Last year, when I was churning out delightful blog entries for Booktrust, I also had a project. It was referred to as The Project.
The plan was to turn huge swathes of non-comic-reading readers into evangelical comic-converts, using the Booktrust mantle. I was going to enlist –did enlist- exciting and well-known novelists of the non-graphic variety, and they were going to write -some of them did write- a short comic script, which I was going to illustrate in varying and appropriate styles to suit the tones of the pieces. It was going to be magical.
The Project was a wave to the so-far-unconvinced to say “come on in, the water’s lovely. There’s no reason not to be involved with comics. Look, these guys are doing it!”. Any reader, with an understanding of the basic rules, can read comics. Any writer, with an understanding of the basic rules, can write comics.
It was also, secretly, a two-finger salute at the in-house snobbery that sometimes crops up when outsiders appear on the comics scene, like aristocracy deriding the nouveau riche. If they’re producing good comics, what’s the problem? It’s not like they can turn a fast and cynical buck by doing it. It’s not as though they’re prospectors at the comic-face, mining out their share of a finite amount. The more people are involved, the more resources there are to go around: to be territorial is baffling, counter-productive, and pretty fucking stupid.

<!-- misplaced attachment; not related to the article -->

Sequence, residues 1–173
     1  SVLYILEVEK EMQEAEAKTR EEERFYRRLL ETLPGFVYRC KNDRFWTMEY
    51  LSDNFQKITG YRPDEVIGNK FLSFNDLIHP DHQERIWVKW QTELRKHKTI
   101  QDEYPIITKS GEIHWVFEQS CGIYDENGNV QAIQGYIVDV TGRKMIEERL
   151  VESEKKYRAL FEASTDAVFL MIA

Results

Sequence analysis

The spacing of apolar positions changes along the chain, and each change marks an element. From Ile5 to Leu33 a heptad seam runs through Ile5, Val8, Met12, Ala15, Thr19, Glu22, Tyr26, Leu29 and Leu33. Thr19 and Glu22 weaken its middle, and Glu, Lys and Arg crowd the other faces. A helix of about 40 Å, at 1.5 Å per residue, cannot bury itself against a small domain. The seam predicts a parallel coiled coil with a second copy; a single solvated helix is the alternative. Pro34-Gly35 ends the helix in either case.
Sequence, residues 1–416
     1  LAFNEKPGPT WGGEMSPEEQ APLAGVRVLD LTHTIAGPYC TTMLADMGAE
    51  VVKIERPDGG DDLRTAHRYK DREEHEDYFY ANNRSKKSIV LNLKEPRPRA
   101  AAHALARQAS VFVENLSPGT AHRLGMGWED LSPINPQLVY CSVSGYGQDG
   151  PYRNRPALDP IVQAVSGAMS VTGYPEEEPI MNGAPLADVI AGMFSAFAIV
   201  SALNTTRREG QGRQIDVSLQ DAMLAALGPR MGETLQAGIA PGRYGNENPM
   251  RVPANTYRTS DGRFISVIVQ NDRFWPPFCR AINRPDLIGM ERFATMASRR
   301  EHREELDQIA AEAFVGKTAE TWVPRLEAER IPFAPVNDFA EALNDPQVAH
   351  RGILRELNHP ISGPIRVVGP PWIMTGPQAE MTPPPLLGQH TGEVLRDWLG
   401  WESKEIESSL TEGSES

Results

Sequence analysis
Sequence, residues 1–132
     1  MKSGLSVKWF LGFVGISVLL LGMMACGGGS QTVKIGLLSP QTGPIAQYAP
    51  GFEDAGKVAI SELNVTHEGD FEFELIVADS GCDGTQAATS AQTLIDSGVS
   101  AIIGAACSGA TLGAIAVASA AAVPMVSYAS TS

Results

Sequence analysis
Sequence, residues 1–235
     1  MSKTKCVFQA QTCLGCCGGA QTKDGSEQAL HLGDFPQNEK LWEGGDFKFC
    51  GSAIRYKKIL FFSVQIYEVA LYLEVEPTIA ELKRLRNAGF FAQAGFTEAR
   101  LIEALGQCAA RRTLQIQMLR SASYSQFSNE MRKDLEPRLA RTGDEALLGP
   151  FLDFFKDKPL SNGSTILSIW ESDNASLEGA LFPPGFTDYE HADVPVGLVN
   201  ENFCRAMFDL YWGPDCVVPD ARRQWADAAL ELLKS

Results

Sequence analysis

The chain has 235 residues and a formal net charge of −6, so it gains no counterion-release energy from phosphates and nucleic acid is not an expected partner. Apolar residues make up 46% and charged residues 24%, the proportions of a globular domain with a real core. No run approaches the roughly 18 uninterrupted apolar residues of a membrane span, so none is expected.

And as I repeated throughout my time at Booktrust, COMICS ARE FOR EVERYONE.
So The Project was poised and ready to go, when something bad happened. Promoting Adamtine while working on my new book was taking up most of my days, and Time, that ever creeping bastard, managed to catch up with me.
I only ever produced Connection Lost, written by James Smythe. Which was an absolute joy to do, but only a fraction of The Project.
However, like the Ark humming away in a packing crate in a warehouse at the end of Raiders, there is a secret addition.
The excellent, award-winning novelist Nikesh Shukla also wrote a comic about his sudden descent into middle-class rage, and I also illustrated it using a style very unlike my usual one. We didn’t publish it because at the time Nikesh was working for Booktrust, and we were worried it’d seem too incestuous.
But he’s just left Booktrust so you can read it now.
That’s not right…he’s just left Booktrust *comma* so you can read it now. I don’t think he left solely to that you can read this comic. Although, he is a nice chap, so it is possible…
(Maybe buy him a drink next time you see him just in case.)